First 2016 Grad Student Seminar on Feb. 10

George Nikolaidis, from the Human Perception and Performance Group, Hanna Erickson from Bioimaging Science and Technology, and Yu Hao Liu, from the 3D Micro- and Nanosystems Group, are presenters at first Graduate Student Seminar noon February 10 in Room 1005. Lunch is provided.

George Nikolaidis--Human Perception and Performance

"Using Brain Connectivity and Machine Learning to Understand Skill Learning"

Machine learning approaches offer an important advantage over classical approaches to statistical prediction by preventing overfitting, thus creating models that are more generalizable and likely to replicate. In the current presentation, I will introduce a simple to use machine learning package that we created to analyze neuroimaging data, and I demonstrate how we have applied it to real data. Acquisition of motor skills is thought to depend highly on interaction between the motor system and subcortical structures. In our demonstration, we used this machine learning package to examine how functional brain network connectivity in the subcortical and motor networks predict initial performance on a complex motor task, as well as training-induced improvements following 20 hours of training. By contrasting the predictive success of different types of feature sets, we explore how the connectivity both within and between these networks contain differential information for predicting individual performance and learning rate. We also interrogate sets of features that are most reliably included in the models with high predictive accuracy, and discuss what these highly successful feature sets imply for learning and performance of complex motor tasks.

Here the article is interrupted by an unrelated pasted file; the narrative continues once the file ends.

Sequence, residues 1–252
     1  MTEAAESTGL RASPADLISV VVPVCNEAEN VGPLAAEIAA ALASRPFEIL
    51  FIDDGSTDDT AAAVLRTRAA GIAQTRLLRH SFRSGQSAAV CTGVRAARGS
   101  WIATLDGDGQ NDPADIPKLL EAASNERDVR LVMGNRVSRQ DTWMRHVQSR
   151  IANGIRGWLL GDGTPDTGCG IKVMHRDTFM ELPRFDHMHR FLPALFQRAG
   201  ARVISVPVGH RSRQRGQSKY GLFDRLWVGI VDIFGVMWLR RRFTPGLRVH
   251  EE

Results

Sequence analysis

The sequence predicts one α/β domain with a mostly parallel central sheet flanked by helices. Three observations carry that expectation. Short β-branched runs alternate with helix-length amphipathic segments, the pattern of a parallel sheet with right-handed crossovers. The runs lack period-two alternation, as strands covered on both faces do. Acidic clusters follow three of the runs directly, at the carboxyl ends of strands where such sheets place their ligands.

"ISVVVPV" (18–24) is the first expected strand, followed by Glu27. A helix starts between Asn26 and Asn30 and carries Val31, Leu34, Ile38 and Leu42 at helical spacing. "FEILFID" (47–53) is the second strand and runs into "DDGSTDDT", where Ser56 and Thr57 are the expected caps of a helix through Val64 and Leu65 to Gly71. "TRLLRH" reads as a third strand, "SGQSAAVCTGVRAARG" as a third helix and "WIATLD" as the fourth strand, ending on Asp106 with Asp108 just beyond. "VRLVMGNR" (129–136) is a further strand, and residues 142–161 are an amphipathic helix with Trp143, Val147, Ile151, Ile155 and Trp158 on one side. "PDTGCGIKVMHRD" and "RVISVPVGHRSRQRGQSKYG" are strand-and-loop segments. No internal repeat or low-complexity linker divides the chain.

Hanna Erickson--Bioimaging Science and Technology

"Bridging the (IQ)GAP between liver metabolism and cancer"

Liver cancer is the fourth deadliest cancer, killing an estimated 746,000 people worldwide each year. Few effective treatments exist that extend survival for patients with liver cancer, which highlights the need to identify novel therapeutic targets for the disease. Using a mouse model of liver cancer, we identified a scaffolding protein, IQGAP1, that is upregulated in tumors and has well-described roles in regulating cellular adhesion and proliferation, two hallmarks of cancer. Here we present that IQGAP1 has a role in regulating another hallmark of cancer, metabolism. Loss of IQGAP1 in mice results in a permanent semi-fasting state that is consistent with reduced mTORC1 activity. These mice also showed impaired expansion of fat stores upon feeding with a ketogenic diet. Thus, we conclude that IQGAP1 promotes fed state signaling and energy storage. Its ability to integrate these distinct cellular functions makes IQGAP1 a potential therapeutic target for liver cancer.

Yu Hao Liu--3D Micro- and Nanosystems

"Epidermal Stimulation and Sensing System"

Flexible and stretchable forms of electronics provide new opportunities for integration with the human body, in ways that could enable high quality continuous monitoring and therapy. Challenges in this type of technology range from development of materials and devices that are compatible with polymer substrates, to circuit designs that offer robust operation in the presence of intrinsic device-to-device variability as well as changes induced by strains and deformations during use. Skin-mounted electronics systems that adopt the physical properties of the epidermis, sometimes referred to as epidermal electronic systems (EES) have unique capabilities in areas ranging from healthcare to human-machine interface. In this talk, I will present the design of an ultra-thin, conformal electronic device that integrates electrotactile stimulation with electromyography, temperature, and strain sensing in a single, simple platform. Experiments demonstrate simultaneous use of multiple modes of operation of this type of device in the sensorimotor control of robotic systems, in the monitoring of lower back exertion and in muscle stimulation.